Curse Words and Hummingbirds
Let’s start with hummingbirds. That beauty has nested right outside of Sophie’s bedroom window. Eye level. I saw it hovering around the other evening and watched it land. I honestly couldn’t believe my eyes, but Carl took the photo. As a person who’s into signs and symbols, who’s superstitious and feels sometimes as if I could morph into my southern Italian grandmother, I’m wondering if it’s a sign. A sign of what? At the other end of the yard is an equally miraculous nest that a couple of bushtits have constructed. It’s long and narrow and stuffed full of the fluff from the burst pods of the silk floss tree, but Carl insists the birds actually go down into it and lay their eggs. Right here in the sad old shitty we’ve got some serious nature, I guess, and if it’s a sign, I suppose it’s up to me to take it into my heart as something beautiful and hopeful and life-giving.
That doesn’t mean I don’t have days where I walk around the house muttering pray that I die, pray that I die over and over as I rub the red jasper worry stone that stands in for my grandmother’s rosary beads. I got the second Moderna vaccine last Friday morning, and on the way there I got stuck in a ridiculous amount of traffic with what seemed like a score of police cars and helicopters overhead and all side streets closed and blocked, so I was going to be late, and when I checked my Citizen app (don’t ask), I learned that an armed robbery on the very block where I was stuck was in progress, which seemed to me like a sign, I joked to Carl on the phone, that maybe I should skip the vaccine? As many of you know vaccines baby vaccines have made grooves in my brain that carry fear, that are lit up like the seizures they ignited in Sophie’s decades ago. But no, I made my way to Kaiser and parked on the street and took an elevator up to the parking lot structure where the vaccine distribution site happened and apologized for being late pray that I die, pray that I die and got the fucking vaccine and sat in a chair facing a window that looked out onto the persistent blue sky and the swaying palms and waited for my fifteen minutes to make sure that I wouldn’t die. I felt no relief. I felt no gratitude. So. Guess what? As I gathered myself to exit a man a couple chairs socially distanced down the garage floor also waiting his fifteen minutes dropped from his chair with a thud and began to seize on the floor.
Describe this scene.
The lady in yoga pose the poster of Wellness the garage floor the downed man the helpers look for the helpers as they swarm the nonchalance of the unaware the dumb middle-aged woman me hyperventilating the slant of sunlight my concern my terror my incredible powers of dissociation and willful empathy please let him be all right please let him be all right let us all be all right propelled me out the door and past the paramedics rushing in down to my car where I proceeded to — well — fall apart. Is it a sign? When I texted my friends I realized from most of their reassuring replies that most didn’t really get it, have never gotten it, will not ever get it. What might be the appropriate response to any of it? To any of the fuckery? You see, I’m not afraid of death of disability of Covid striking me. That’s not it at all. Not at all. Statistics are meaningless to me. I am not comforted by any of it. I don’t want (want as operative) to bank on chances, even when they’re good. I chafe at all of it in the most unreasonable way one can using reason. It’s the grooves in the brain, it’s the decades, it’s the baby’s mouth in a perfect “o,” it’s the intra-muscular shots of steroids through the soft skin into the muscles, the bloat as aftermath, the pustules of yeast on the mouth, the slits in the face, the screaming and screaming and screaming. The seizures. The dismissal the indifference from doctors and drugs alike. The grooves in the brain and how quickly they receive a signal, any signal, any sign, a man falling off a chair, seizing. What are the chances? How many seizures have you seen in your lifetime? It’s not even the seizures, you know if you know.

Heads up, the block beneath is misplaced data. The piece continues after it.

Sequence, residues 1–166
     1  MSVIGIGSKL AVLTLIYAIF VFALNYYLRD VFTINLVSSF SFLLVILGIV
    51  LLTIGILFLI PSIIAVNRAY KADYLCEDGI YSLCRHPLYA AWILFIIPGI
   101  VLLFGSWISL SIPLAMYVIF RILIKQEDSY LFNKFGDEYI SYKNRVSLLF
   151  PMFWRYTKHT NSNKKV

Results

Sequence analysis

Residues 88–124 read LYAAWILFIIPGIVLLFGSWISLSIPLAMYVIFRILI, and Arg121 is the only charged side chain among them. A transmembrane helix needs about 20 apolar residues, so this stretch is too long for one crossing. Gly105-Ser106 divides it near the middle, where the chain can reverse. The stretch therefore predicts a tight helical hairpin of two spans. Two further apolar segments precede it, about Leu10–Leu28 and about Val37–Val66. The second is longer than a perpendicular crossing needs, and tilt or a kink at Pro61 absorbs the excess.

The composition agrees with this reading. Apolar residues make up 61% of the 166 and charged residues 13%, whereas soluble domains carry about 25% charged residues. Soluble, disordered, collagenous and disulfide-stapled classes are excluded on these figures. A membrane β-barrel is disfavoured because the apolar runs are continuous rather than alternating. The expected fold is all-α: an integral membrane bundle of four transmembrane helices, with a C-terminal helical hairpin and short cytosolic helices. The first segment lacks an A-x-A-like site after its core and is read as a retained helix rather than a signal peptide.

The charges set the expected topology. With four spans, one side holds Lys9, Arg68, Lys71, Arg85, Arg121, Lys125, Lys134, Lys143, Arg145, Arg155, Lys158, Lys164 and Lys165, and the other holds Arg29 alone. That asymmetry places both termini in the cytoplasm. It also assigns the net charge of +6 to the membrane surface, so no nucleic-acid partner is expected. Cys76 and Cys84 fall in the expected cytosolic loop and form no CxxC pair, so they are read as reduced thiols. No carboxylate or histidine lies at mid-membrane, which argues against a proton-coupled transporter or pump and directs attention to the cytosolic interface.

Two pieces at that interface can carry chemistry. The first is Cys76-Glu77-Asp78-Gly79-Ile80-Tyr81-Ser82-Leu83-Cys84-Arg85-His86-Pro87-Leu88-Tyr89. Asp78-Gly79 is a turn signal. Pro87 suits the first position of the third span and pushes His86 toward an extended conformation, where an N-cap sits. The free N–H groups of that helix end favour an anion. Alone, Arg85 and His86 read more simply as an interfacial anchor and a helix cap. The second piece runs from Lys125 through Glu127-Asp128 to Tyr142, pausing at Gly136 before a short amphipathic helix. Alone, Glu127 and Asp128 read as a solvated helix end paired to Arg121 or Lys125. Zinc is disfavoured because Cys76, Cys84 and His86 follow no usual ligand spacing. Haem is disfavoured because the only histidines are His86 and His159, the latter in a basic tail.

What is a sign?
Where is the cursing? Oh. I wanted to say that I deeply appreciated the anger and despair expressed in my friend 37paddington’s recent blog post. I wanted to join in her chorus of fucks. Fuck all of it. 6 women struck down counting of blood clots from the vaccine. Pause. We will see headlines, I’m afraid, said the trusted doctor, but sadly, it’s the only way to stop the pandemic. 30 people dead a day from gun violence. Pause? Countless black bodies dead from Covid. Countless black bodies dead from police. We watched a white policeman kneel on a black man’s neck for 9 minutes and 29 seconds until he died and now watch the policeman get his day in court. Is this a sign?
I’d like to offer a hummingbird nesting in a walnut-sized nest outside my daughter’s bedroom window as an antidote to the fuckery, to the pray that I die, pray that I die, a sign, perhaps, against signs.
That there are two bird nests in your yard shows a level of safety and refuge that I know is real. Whenever I'm out walking and ask my worried mind to tell me something it hasn't told me before, I hear a bird singing. When you write you speak for so many of us.
Oh, my god. Elizabeth. I do believe in signs. I believe in sorrow and its indelible mark on us. I believe in the hoof print of trauma and how that kick feels when it comes again and again. I'm beyond sorry that you saw that man fall to the ground and how you felt it in your body. I wish you recovery. I wish you the image of those beautiful birds and their nests imprinted on your eyeballs. Look at them. Study them. Love to you and Sophie and to the bird photographer and his exquisite talents that help us forlorn humans to see our winged fellow creatures.